The Breakfast Club starred Miss Ringwald and, along with Hughes' Sixteen Candles and Pretty In Pink, made her the crush object of every teenage boy in the '80s. With Except Sometimes, she's poised to enthrall a whole new generation.
15 APR 13 ANNE FARNSWORTH
Vocalist Honi Gordon was New York City's go-to jazz studio singer in the 1950s and early '60s, the golden age of bop. She appears on albums recorded by legends like Charles Mingus, Dizzy Gillespie and Lionel Hampton but released only one album as a leader, 1962’s Honi Gordon Sings.
Gordon is backed by A-list musicians, the heart of which is a piano trio consisting of Jaki Byard, George Duvivier and Ed Shaughnessy. She sings with a clear soprano and impeccable intonation reminiscent of a young Ella.
Honi was part of a family vocal group called The Gordons. Patriarch George Gordon Sr. was a composer who worked with Mingus, writing lyrics to his instrumentals as well as contributing originals to Mingus recordings. "Strollin,'" the opening track, is a vocal version of Mingus' "Nostalgia In Times Square," with lyrics written by George Sr. (Honi first recorded on the Mingus Dynasty album.) Gordon also had a longstanding musical relationship with pianist/composer Mary Lou Williams, recording for her for over two decades. Williams' "Walkin' (Out The Door)," a straight ahead 12 bar blues, is included in this set.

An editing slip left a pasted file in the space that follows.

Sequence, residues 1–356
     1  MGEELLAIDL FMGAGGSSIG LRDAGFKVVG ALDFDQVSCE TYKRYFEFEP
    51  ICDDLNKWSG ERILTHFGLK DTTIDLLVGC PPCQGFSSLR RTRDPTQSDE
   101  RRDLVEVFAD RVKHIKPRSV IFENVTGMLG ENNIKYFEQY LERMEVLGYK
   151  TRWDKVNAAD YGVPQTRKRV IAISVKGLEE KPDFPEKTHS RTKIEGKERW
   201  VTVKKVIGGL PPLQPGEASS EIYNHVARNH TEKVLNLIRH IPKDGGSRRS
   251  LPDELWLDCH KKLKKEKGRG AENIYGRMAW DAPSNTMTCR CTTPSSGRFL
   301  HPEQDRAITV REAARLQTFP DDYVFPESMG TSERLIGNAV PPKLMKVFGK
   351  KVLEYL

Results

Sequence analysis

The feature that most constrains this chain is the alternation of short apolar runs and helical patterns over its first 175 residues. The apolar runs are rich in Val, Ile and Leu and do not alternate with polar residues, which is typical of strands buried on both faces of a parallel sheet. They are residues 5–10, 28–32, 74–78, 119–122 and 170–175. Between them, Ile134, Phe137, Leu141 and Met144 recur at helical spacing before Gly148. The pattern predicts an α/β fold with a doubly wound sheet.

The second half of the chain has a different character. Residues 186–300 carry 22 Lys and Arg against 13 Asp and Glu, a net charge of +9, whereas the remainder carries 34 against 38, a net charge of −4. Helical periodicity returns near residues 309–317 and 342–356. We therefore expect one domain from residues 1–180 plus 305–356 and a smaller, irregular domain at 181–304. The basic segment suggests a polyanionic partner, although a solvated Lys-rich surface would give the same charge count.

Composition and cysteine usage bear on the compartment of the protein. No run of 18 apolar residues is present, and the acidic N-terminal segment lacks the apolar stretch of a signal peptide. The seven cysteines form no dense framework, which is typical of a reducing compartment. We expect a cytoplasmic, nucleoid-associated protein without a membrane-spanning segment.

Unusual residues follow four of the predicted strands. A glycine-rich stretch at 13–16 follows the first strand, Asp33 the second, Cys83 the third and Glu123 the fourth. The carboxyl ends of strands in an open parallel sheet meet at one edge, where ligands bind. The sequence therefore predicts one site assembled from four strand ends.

"Cupid" isn't the Sam Cooke version but a jazz ballad written by Sonnie Leonard with lyrics by George Sr. Honi first recorded it in 1953 with the family band and Hank Jones at the helm.
Critic Scott Yanow puts it best when he said, "Honi Gordon's obscurity is a mystery for she displays a great deal of talent…This is bop based jazz singing at its best."
28 MAR 13 ANNE FARNSWORTH
Patricia Barber is a jazz pianist and vocalist with a twist. Her latest release, Smash, is a set of originals with lyrics that, taken as a whole, read like a tone poem. We don’t see a lot of singer/songwriters in the jazz realm, which makes this latest release even more special.
When not touring the world, Barber can be found at Chicago’s famed Green Mill, when she has been holding court for more than 20 years. Part of the magic of Smash is the great chemistry Barber has with her rhythm section -- guitarist John Kregor, bassist Larry Kohut and Jon Deitemyer on drums.
The overriding theme of most of the eight tracks deals with loss; Barber had five loved ones pass away in a short span of time. But her skill at creating artistry out of grief makes this more than an elegy. Her lyrics are thought provoking, sometimes disturbing but always beautifully expressed. As she sings in the opening track, “Code Cool,” “Split seconds can carry quite a surprise,” her words are accompanied by a musical arrangement that changes meter, tempo and feel and in places hearkens back to the avante garde jazz era of the early 1960’s.
In “Redshift,” a cool bossa, Barber cleverly describes sexual attraction by invoking astronomy, Einstein and Heisenberg. The sophisticated love song, “Spring Song,” could take a place in the American Songbook pantheon next to Harold Arlen and Vernon Duke. Barber’s harmonic sense and technical ability at the piano only enhance the originality of her lyrics.
The title song describes the end of a love affair with imagery of a car accident. As she haltingly sings, “this is the sound of a heart breaking” accompanied only by her solo piano, the effect is devastating -- even more so when a full on rock guitar solo shatters the mood. The meaning is clear: We may project silence to the public in our times of grief, but on the inside, our souls are screaming.